“The Paperhanger,” like many of Gay’s stories, is characterized by spare but eloquent prose; the descriptions of nature and of human beings and their words and actions are sharp and yet evocative. Gay is exceptionally skillful at depicting both the beauty and the menace of the natural world. There is no sentimentality in his appreciation of nature; he is sensitive to the alien, inhuman quality of natural beauty. His descriptions are vivid and realistic yet often carry a hint of impending danger or disaster. This mixture of realism and ominous mystery is characteristic of his technique. The prose is laced with shades of darkness; there are suggestions that the world is hostile to humankind and that evil forces actually walk the earth. However, these are not tales of fantasy or horror but rather realistic stories alive to the mystery and evil, the unpredictable and inexplicable in nature and in human conduct.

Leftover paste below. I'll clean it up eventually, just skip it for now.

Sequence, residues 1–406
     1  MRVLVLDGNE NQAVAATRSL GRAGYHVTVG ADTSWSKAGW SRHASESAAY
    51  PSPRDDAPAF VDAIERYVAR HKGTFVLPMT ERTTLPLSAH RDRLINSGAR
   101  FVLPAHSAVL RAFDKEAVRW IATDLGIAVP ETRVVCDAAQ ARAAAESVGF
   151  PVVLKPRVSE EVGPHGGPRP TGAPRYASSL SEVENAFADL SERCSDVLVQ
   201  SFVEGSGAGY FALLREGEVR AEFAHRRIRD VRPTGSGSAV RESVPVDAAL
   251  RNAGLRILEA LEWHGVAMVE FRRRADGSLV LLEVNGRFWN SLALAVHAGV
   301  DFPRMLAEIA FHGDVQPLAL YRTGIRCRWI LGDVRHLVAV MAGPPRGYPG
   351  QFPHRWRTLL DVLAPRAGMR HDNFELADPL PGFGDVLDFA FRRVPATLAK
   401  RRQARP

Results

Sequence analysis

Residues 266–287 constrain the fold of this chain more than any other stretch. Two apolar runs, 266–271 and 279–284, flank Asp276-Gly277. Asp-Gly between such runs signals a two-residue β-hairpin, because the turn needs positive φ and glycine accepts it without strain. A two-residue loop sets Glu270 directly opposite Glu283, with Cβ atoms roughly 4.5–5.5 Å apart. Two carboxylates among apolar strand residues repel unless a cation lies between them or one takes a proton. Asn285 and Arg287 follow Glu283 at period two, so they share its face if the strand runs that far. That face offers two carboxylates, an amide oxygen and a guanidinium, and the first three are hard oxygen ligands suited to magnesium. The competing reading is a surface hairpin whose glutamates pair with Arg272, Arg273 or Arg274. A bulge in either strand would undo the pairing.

The spareness and darkness of Gay’s language and the calm realism of his narrative voice are reflected in the lives of the people in his fictional world. For the most part, each is locked away in the cell of the self, closed to others. Even if these characters seem to long for some sort of intimate human conduct, they remain essentially remote from one another and communicate without revealing any personal truths, without giving up any insights into the inner self. The story is told in an impersonal and dispassionate voice that is appropriate to this world of the cautious, the self-serving, and the damaged.
“The Paperhanger” and other stories by Gay are filled with strangeness and mystery, not because of the bizarre quality of his vision but rather because life and people are endlessly unpredictable and surprising. The reader of these stories comes to expect calamity; there is calamity at the end of this story, but it is a calamity more startling, more disconcerting, and more real than whatever one anticipated. The poetry of the common, everyday disasters of human lives echoes hauntingly through Gay’s fiction.